On the same page
Research coordinator Bob Groot has been closely involved with the Urban Data Centre Leiden on behalf of CBS. He explains: ‘The data centre’s official launch was at the end of December 2017. It actually owes its origins to the researchers and controllers who work as executive support staff for the municipality – because they initiated its establishment. We share a collaborative office space with them, which is great as it encourages us to pool our resources when formulating research questions and conducting studies, etc. It goes without saying that effective communication and being on the same page are essential in any collaboration.’ Enna Bongers, policy officer at the municipality of Leiden, agrees: ‘CBS specialises in data and methodology – privacy is of the utmost importance in this line of work. The municipality is more involved with the practical side of things and often deals with politically sensitive issues. This meant we had to get used to each other’s different approaches when we first started working together.’
The municipality of Leiden is increasingly adopting a more data-driven approach in their work. Their collaboration with CBS via the Urban Data Centre helps facilitate this process. Groot clarifies CBS’ role in this: ‘We help researchers who work for the municipality generate more information from existing data sources, such as the CBS StatLine database. We also hold workshops on how to perform research, structure data bases, visualise developments and protect privacy. And, last but not least, we’ve collaborated on several large research projects together.’
Poverty and skewed tenants
One of the UDC Leiden studies focused on gaining more in-depth insight into poverty. Groot explains: ‘We measured the coverage of several municipal schemes at district level. We also looked into the ‘skewed tenant’ phenomenon, which describes people who occupy cheap social housing even though they could afford to rent a more expensive property on their income. This was a challenging project and required several sessions before we could decide on our approach and methodology. For example, one of the issues we ran up against was how to obtain information from housing associations when the GDPR (data privacy regulation) is in full force. Determining an income threshold proved to be fairly tricky as well.’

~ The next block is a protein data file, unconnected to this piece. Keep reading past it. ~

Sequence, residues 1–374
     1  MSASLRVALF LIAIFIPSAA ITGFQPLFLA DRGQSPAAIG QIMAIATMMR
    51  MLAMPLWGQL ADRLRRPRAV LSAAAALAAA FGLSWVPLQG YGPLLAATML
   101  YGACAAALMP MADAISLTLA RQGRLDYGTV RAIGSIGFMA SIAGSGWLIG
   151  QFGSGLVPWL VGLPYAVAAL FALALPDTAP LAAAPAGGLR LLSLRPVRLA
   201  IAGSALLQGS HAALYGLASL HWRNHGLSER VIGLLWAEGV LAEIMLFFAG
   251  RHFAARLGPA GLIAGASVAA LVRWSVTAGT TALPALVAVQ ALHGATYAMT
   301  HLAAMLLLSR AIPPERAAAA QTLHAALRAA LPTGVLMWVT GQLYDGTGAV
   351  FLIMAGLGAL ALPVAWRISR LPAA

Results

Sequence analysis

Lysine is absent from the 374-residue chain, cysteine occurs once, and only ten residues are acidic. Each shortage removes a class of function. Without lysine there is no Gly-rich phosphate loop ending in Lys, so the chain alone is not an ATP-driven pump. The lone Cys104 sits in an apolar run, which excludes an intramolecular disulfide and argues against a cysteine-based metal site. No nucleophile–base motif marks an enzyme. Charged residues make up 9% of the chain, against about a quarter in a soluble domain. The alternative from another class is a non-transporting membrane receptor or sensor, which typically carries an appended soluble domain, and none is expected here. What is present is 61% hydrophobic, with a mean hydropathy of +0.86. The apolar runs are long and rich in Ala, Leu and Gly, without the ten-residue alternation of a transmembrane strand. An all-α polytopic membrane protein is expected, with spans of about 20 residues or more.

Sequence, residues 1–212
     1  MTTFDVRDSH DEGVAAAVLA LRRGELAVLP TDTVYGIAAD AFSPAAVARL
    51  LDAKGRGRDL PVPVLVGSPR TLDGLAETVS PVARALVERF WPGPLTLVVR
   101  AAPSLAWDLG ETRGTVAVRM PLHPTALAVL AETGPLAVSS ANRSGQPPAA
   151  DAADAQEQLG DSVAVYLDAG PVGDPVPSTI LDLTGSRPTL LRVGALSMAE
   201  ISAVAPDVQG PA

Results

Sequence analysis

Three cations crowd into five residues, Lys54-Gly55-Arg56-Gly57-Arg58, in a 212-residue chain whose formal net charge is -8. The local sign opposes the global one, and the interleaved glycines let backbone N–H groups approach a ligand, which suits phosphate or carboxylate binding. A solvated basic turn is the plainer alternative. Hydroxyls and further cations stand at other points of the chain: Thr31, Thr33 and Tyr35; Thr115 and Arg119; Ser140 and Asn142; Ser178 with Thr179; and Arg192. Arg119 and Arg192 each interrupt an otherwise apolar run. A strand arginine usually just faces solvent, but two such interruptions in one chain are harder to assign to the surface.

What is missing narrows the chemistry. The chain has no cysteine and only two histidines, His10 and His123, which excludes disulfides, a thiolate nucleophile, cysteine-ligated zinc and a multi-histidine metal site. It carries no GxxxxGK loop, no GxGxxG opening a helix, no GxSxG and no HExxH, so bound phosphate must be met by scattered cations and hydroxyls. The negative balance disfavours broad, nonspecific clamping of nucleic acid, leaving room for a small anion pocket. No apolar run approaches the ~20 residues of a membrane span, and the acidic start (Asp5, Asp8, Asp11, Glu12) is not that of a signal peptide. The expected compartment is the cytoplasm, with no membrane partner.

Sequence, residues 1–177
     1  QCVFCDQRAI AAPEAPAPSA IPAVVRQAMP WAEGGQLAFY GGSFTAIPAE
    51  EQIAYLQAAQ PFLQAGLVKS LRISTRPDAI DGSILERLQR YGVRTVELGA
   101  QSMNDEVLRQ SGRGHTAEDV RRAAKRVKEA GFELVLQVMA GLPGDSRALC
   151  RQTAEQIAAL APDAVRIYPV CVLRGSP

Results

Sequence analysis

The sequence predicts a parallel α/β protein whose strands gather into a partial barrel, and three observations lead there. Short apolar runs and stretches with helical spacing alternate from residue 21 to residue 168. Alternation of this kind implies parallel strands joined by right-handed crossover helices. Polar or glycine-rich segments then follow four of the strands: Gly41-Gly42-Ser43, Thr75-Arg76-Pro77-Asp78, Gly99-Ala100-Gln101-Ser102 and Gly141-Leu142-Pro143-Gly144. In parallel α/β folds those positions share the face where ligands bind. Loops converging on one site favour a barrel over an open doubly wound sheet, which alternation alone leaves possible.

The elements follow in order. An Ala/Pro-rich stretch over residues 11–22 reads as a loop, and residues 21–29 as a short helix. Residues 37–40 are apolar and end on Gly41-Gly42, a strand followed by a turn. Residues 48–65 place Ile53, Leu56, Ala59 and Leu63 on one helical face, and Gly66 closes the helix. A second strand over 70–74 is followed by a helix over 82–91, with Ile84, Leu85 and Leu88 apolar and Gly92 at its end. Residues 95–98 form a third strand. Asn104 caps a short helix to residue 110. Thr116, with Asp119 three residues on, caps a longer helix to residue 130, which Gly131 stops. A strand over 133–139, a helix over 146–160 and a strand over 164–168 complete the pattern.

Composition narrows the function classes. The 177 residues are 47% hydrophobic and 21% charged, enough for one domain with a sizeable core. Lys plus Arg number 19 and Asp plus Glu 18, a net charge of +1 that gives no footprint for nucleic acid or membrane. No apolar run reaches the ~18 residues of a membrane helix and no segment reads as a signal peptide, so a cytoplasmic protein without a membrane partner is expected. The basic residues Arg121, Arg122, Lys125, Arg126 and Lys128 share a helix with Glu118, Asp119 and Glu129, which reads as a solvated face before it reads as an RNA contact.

Another important study emerging from the Urban Data Centre Leiden is one that focuses on educational opportunities. Bongers highlights the significance of this survey: ‘The municipality of Leiden relies, in part, on objective data when developing policy to level the playing field in education. We are currently using a CBS model to help us identify which districts put children at a higher risk of experiencing educational disadvantage. This type of information ensures that the right choices are made when developing policy and allocating resources.’ UDC Leiden discussed these choices in great detail when defining the parameters of this model. For example, they produced an analysis of how the target group should be defined. They also looked at generating additional information by linking different information sources, such as divorces and debts. Bongers adds: ‘Our objective for the future is to be able to track children over a longer period of time so that we can observe their development. This is the only way we can measure the effectiveness of our policy.’
CBS has implemented a national roll-out of the Leiden approach, commissioned by the Dutch Ministry of Education, Culture and Science.